## Setup

Suppose that we are about to perform an experiment whose outcome is
not predictable in advance. The set of all possible outcomes of an
experiment is known as the *sample space* \(S\).

For example, if the experiment consists of flipping a coin, then:

\begin{equation} S = (H, T) \end{equation}

Any subset \(E\) of the sample space \(S\) is known as an *event*. Some
examples of event include: \(E = (H)\) where \(E\) is the event that a
head appears on the flip of the coin.

We can define unions and intersections between 2 or more events. The union of two events \(E \cup F\) is a new event to consist of all outcomes that are either in \(E\) or \(F\).

## Probabilities Defined on Events

Consider an experiment whose sample space is \(S\). For each event \(E\) of the sample space \(S\), we assume that a number \(P(E)\) is defined and satisfies 3 conditions:

- \(0 \le P(E) \le 1\)
- \(P(S) = 1\)
- For any sequence of events \(E_1, E_2, \dots\) that are mutually exclusive:

\begin{equation} P( \mathop{\cup}_{n=1}^{\infty} E_n) = \sum_{n=1}^{\infty} P(E_n) \end{equation}

## Conditional Probabilities

Conditional probabilities are a powerful and useful concept. First, we are often interested in calculating probabilities and expectations when some partial information is available. Second, in calculating a desired probability or expectation, it is often extremely useful to first “condition” on some appropriate random variable.

We denote \(P(E|F)\) the conditional probability that \(E\) occurs given that \(F\) has occurred. This is valid for all events \(E\) and \(F\) that satisfy the 3 conditions above.

Recall that for any 2 events \(E\) and \(F\), the conditional probability of \(E\) given \(F\) is defined, as long as \(P(F) > 0\), by:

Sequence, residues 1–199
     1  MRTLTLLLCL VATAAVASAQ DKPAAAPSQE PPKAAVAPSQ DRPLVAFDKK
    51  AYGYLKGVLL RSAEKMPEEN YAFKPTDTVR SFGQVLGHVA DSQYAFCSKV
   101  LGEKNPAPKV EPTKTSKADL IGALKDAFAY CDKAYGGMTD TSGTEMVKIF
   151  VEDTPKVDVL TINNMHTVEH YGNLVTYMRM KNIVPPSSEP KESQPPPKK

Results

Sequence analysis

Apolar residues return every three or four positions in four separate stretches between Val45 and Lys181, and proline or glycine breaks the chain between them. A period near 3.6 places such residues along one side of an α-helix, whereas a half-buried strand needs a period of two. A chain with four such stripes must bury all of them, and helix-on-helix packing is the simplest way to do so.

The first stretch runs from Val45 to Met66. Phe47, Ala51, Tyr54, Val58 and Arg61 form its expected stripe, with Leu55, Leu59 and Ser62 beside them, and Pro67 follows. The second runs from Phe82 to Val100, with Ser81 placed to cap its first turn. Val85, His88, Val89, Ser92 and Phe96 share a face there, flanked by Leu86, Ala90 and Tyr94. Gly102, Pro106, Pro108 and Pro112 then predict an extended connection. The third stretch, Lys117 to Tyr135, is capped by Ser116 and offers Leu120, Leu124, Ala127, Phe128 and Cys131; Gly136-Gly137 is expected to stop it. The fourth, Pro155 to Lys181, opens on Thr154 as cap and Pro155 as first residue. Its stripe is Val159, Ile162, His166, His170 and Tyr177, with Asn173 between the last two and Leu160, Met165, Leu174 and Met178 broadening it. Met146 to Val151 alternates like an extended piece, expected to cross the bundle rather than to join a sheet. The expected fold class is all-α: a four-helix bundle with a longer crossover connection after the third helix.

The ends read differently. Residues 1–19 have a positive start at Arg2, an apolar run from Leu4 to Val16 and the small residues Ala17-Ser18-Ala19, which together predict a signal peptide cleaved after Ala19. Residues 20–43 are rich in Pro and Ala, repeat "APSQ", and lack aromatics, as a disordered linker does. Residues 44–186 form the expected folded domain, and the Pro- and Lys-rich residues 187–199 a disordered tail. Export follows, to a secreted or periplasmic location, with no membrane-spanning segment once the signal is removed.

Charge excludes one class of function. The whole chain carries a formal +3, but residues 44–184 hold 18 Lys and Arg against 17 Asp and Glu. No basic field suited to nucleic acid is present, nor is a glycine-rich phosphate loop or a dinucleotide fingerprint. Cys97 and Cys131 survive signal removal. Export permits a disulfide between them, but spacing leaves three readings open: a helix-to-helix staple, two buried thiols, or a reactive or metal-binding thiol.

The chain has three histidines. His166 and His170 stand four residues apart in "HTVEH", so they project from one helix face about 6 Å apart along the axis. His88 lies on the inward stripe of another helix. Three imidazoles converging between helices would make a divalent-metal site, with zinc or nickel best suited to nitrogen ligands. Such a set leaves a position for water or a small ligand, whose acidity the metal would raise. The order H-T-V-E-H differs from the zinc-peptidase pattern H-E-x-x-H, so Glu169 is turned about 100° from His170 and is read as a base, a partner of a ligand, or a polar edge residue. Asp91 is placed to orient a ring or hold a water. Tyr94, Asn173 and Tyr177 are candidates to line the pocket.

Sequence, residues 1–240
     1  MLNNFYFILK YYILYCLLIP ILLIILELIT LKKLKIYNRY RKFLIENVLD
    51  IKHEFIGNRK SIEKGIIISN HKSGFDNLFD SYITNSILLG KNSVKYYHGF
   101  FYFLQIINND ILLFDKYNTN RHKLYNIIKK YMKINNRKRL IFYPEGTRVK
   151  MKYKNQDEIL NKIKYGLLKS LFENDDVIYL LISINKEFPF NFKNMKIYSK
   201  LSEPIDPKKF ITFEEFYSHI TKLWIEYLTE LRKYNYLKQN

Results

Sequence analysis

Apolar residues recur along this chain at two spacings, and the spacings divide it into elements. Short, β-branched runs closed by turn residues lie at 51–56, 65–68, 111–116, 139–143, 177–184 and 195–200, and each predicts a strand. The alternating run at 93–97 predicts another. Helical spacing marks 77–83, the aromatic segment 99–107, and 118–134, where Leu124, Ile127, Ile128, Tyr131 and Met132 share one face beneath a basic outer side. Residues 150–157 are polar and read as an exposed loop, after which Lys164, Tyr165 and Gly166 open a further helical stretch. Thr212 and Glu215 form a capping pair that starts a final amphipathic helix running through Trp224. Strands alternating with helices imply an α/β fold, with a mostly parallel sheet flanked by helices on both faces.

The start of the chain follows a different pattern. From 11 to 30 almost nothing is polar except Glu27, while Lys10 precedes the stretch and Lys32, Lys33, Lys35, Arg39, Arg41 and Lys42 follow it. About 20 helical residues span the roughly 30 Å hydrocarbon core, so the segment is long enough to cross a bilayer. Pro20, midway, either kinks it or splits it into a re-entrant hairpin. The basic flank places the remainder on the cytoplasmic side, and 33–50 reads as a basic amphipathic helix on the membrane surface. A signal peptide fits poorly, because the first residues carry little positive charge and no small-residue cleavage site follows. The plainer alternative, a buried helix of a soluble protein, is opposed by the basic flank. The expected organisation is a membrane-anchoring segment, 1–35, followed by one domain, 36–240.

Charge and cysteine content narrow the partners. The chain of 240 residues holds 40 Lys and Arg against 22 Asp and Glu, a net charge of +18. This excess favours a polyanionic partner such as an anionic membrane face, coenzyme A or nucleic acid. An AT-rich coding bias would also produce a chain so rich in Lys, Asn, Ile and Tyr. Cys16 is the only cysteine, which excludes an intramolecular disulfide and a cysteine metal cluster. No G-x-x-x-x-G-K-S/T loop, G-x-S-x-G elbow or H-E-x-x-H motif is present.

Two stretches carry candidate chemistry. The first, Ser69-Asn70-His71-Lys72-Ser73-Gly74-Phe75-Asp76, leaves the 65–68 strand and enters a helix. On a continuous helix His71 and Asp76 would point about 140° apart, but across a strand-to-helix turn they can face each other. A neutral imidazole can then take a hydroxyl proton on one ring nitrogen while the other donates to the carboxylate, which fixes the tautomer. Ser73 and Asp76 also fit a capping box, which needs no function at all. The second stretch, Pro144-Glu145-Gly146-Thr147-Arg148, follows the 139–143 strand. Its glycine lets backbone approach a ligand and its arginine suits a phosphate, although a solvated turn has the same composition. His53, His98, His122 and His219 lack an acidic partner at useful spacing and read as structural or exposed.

\begin{equation} P(E|F) = \frac{P(EF)}{P(F)} \end{equation}

If \(X\) and \(Y\) are discrete random variables, it is natural to define the conditional probability mass function of \(X\) given that \(Y = y\), by:

\begin{align}
p_{X|Y}(x|y) &= P\left\{ X=x | Y=y \right\} \\

&= \frac{P(X = x, Y = y)}{P( Y = y)} \\

&= \frac{p(x,y)}{p_Y(y)}
\end{align}

for all values of \(y\) such that \(P(Y = y) > 0\). Similarly, we can define \(F_{X|Y}(x|y) = \sum_{a\le x}p_{X|Y}(x|y)\).

Finally, the conditional expectation of \(X\) given that \(Y = y\) is defined by:

\begin{align}
E[X|Y = y] &= \sum_{x} P\left\{ X = x | Y = y \right\} \\

&= \sum_{x} x p_{X|Y} (x|y)
\end{align}

### Computing Expectations by Conditioning

Let us denote by \(E[X|Y]\) that function of the random variable \(Y\) whose value at \(Y=y\) is \(E[X|Y=y]\). An extremely important property of conditional expectation is that for all random variables \(X\) and \(Y\):

\begin{equation} E[X] = E\left[ E[X|Y] \right] \end{equation}

## Independent Events

Two events \(E\) and \(F\) are independent if:

\begin{equation} P(EF) = P(E) P(F) \end{equation}

This also implies that \(P(E|F) = P(E)\).

## Bayes’ Formula

Let \(E\) and \(F\) be events. We may express \(E\) as \(E = EF \cup EF^c\). Since \(EF\) and \(EF^c\) are mutually exclusive, we have:

\begin{align}
P(E) &= P(EF) + P(EF^c) \\

&= P(E|F)P(F) + P(E|F^c)P(F^c) \\

&= P(E|F)P(F) + P(E|F^c)\left( 1 - P(F) \right)
\end{align}